The tribe offer some guest huts to the visitors but our heroes soon discover they have ulterior movies for wanting to keep them there. Vic's first mate (played by the director) dies while out scuba diving when his oxygen tank line is cut. And then Syrene is forced by Nereus to mate with one of the human men. I'm sure you can guess who she selects. No, not Sid Haig. Turns out the mutant fish-eyed people look the way they do because of inbreeding ("Incest?!") and now need to introduce some new blood into the tribe. And if anyone can do some successful seducing, it's the tan, toned and curves-in-all-the-right-places Syrene.

Though I'd imagine she'd probably be successful seducing about 99.9% of the heterosexual male population, Syrene makes the mistake of going after Mr. PG Rating himself. He swiftly rebuffs her advances and tells her he'll only put out if it's with someone he loves. No bother, Syrene isn't called Syrene for nothing. She uses her synchronized swimming mating dance and patented call to entrance and then mate with Vic under the sea in one of the most awkward scenes I've ever laid my poor eyes upon. Makes one wonder why she didn't just do that in the first place instead of asking. Maybe she has a humiliation fetish. I also have to wonder what was going through Mr. Wayne's mind thinking that appearing in an R-rated film would somehow project a worse public image than getting raped by a mermaid in a PG-rated film.

I usually enjoy lost world and trapped-on-an-island movies, but this (which is based on a story by the usually decent Stephanie Rothman) never amounted to much of anything. There's very little plot and even less action, but lots of wasted time with endless scenes of swimming and pearl diving. A large chunk of the higher-than-usual budget reportedly went toward filming the underwater scenes... and boy did they get their money's worth! What they didn't take into consideration is that absolutely no one wants to watch a movie where half the screen time is set aside for people gathering up clam shells from the ocean floor.

Director Romero's filmography contains loads of sleazy horror, action and exploitation flicks that were profitable in their day, so watching him try yet fail to restrain himself here is actually pretty amusing. Even though there's no nudity or explicit gore, the man just can't help himself when it comes to sneaking in trashy stuff! There are real chickens dying in cockfights, hookers, massage parlor girls, illegal gambling dens, a long catfight, beaten-up cops, terrible pick-up lines and double-entendres, a baby goat getting tossed into a piranha pond where a person will later die a bloody death and the camera practically staying glued to the female star's (admittedly very nice) ass during most of her scenes. Hey, it's a hard habit to break, baby!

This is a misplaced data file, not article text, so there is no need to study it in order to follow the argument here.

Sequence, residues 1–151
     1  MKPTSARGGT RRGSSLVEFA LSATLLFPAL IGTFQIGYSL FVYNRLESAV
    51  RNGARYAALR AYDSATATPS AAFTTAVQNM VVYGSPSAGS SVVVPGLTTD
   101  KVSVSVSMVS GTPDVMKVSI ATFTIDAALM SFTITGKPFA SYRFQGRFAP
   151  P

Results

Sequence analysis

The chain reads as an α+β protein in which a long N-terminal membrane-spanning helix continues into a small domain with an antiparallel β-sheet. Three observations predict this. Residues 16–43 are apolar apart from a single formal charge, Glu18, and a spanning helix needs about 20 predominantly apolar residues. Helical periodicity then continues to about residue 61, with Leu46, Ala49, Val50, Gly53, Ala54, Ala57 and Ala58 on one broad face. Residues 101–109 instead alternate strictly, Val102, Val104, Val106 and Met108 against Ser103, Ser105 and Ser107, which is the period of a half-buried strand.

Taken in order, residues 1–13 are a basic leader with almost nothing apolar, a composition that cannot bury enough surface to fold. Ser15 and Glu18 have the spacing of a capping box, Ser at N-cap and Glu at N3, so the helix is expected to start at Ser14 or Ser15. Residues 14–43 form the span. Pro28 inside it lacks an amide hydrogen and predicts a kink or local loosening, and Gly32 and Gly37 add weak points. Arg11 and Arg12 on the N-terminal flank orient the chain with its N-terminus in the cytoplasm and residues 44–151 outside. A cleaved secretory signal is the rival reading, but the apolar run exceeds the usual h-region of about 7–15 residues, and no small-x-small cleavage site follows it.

Aside from Haig, who tries to turn in a fun character and almost succeeds, the acting is terrible. The good news for Wayne is that he's better looking than his father ever was. The bad news is that his acting skills are even more limited. Ashley, who also produced, was about ten years outside of his Beach Party days and whatever screen appeal he once had is about completely gone at this point. He never was a very good actor and continues on in that tradition here. Christian and Stevens are both stunning to look at but most of their line delivery (much of which seems to have been looped in later) is flat. The biggest shock in veteran Nader. With his track record you'd figure he'd easily outperform the others, but he's pretty awful here himself. This was the last movie he ever appeared in and, though he looks impressively fit for a 50-something, you can tell his heart just wasn't in it. Hopefully he was paid well and enjoyed his vacation.

After VHS releases from Wizard Video (one of their early releases from way back in 1982 before they started doing the great box art) and United, this was issued on DVD in 2000, courtesy of VCI and as part of their "Drive-In Classics" line. VCI also handled the upgraded Blu-ray release in 2019, though extras on the release are slim. This title is also easy to find on streaming sites. Decent prints are currently on Youtube and Tubi so I certainly wouldn't pay good money to watch this.